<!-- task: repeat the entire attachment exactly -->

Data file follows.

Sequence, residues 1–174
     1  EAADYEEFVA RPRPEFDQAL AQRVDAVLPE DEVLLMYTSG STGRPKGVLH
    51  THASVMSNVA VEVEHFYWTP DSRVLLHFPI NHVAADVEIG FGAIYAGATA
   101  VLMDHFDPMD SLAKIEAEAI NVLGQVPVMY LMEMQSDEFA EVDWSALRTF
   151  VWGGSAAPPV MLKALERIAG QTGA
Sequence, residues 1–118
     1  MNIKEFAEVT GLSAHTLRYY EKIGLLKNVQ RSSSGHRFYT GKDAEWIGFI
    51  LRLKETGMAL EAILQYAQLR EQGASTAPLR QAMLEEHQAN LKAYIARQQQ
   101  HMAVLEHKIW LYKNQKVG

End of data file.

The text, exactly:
Sequence, residues 1–174
     1  EAADYEEFVA RPRPEFDQAL AQRVDAVLPE DEVLLMYTSG STGRPKGVLH
    51  THASVMSNVA VEVEHFYWTP DSRVLLHFPI NHVAADVEIG FGAIYAGATA
   101  VLMDHFDPMD SLAKIEAEAI NVLGQVPVMY LMEMQSDEFA EVDWSALRTF
   151  VWGGSAAPPV MLKALERIAG QTGA
Sequence, residues 1–118
     1  MNIKEFAEVT GLSAHTLRYY EKIGLLKNVQ RSSSGHRFYT GKDAEWIGFI
    51  LRLKETGMAL EAILQYAQLR EQGASTAPLR QAMLEEHQAN LKAYIARQQQ
   101  HMAVLEHKIW LYKNQKVG